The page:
Saturday, 12 May 2012

Chinese ordered to smoke more to boost economy

Written by Harb

China's is a goal-oriented government. The health or sensitivities of its people is secondary to achieving goals it sets itself upon.

The famous saying of its late leader Deng Xiaoping - who was second only to Mao Tse Tung in popularity and ruled China with a firm hand from 1978 to 1992 - that "The colour of the cat does not matter so long as it catches mice" says it all.

In this connection Mr A Bisht's article "Children in China put on Drip to perform better.." on this blog(11/5/2012) reminds me of a similarly themed story I read some time ago. The story was about an edict issued by a provincial government in China to smoke more to boost economy.

Though the stroy is a bit old it fits nicely into the environment of Mr Bisht's article and moreover needs to be given again if for nothing ese at least to thank God for our form of "democratic" government which with all its shortcomings still cannot play with the health of its people so brazenly.

The story first published in and written by one Mr Peter Foster in Beijing goes as under:

Local government officials in China have been ordered to smoke nearly a quarter of a million packs of cigarettes in a move to boost the local economy during the global financial crisis.

The edict, issued by officials in Hubei province in central China, threatens to fine officials who "fail to meet their targets" or are caught smoking rival brands manufactured in neighbouring provinces. 

Even local schools have been issued with a smoking quota for teachers, while one village was ordered to purchase 400 cartons of cigarettes a year for its officials, according to the local government's website.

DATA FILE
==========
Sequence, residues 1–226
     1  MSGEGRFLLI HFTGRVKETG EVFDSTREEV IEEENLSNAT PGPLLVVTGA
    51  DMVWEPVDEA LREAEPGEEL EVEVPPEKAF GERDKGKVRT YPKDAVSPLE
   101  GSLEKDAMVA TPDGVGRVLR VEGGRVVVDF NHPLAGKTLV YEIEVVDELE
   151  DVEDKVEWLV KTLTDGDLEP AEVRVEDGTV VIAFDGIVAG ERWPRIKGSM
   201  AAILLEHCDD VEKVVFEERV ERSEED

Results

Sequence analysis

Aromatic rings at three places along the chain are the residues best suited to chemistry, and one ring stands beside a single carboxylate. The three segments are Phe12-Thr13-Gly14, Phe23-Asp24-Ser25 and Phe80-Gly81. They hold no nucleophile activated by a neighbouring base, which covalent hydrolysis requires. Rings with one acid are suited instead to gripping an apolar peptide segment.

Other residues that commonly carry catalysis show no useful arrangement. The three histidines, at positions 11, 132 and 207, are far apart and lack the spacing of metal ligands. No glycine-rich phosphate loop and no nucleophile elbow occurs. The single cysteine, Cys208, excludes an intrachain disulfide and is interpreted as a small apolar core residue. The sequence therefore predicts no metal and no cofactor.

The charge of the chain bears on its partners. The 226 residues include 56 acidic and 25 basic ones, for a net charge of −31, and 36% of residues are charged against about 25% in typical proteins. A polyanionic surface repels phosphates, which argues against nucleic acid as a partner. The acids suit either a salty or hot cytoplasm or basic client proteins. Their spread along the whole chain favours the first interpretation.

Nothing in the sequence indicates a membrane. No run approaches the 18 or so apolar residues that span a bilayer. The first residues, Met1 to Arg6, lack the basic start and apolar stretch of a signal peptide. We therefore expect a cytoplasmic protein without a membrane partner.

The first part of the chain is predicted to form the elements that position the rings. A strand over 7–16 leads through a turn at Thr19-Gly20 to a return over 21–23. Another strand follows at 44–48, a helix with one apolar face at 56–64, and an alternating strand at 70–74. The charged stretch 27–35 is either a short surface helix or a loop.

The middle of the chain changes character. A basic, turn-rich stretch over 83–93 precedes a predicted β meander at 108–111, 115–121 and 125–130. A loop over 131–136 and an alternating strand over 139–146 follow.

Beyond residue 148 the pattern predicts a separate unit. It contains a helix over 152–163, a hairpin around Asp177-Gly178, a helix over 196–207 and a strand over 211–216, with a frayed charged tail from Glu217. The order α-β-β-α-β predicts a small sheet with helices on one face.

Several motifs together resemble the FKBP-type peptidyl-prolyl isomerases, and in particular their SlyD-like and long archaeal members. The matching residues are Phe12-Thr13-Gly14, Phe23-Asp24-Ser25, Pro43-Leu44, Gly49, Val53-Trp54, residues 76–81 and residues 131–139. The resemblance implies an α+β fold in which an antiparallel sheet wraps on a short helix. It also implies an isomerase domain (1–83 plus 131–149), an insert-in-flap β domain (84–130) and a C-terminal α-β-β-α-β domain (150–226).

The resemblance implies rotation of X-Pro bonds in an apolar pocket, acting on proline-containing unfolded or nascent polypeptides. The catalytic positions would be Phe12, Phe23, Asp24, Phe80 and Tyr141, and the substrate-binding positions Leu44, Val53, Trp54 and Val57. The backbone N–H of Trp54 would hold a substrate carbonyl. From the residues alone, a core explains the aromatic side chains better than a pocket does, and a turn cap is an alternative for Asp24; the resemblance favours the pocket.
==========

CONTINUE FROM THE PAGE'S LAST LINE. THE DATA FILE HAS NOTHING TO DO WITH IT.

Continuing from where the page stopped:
The move, which flies in the face of national anti-smoking policies set in Beijing, is aimed at boosting tax revenues and protecting local manufacturers from outside competition from China's 100 cigarette makers. 

In total, officials have been ordered to puff their way through 230,000 packs of Hubei-branded cigarettes worth £400,000.

(Looking at the photo at the right it seems some officials have outsourced the assignment to achieve targets in time )

China's government has ordered massive government spending at both national and provincial levels to prop up the economy following plummeting demand for Chinese exports abroad, however imposing a cigarette quota is unusual. 

"The regulation will boost the local economy via the cigarette tax," said Chen Nianzu, a member of the Gong'an cigarette market supervision team. 

China has 350 million smokers, about a million of whom die each year from smoking-related illnesses. 

Despite anti-smoking campaigns, cigarette taxes form a major component of China's annual tax-take at local level. 

Local authorities in Gong'an county are taking the cigarette quota seriously and have established a "special taskforce" to enforce it.

Can one imagine, though I wonder if he should not really do so, our Singh government ordering people to drink so and so number of desi daru (local drink) bottles to help villagers set up desi daru breweries and thus boost village economy?


0 constructive comments: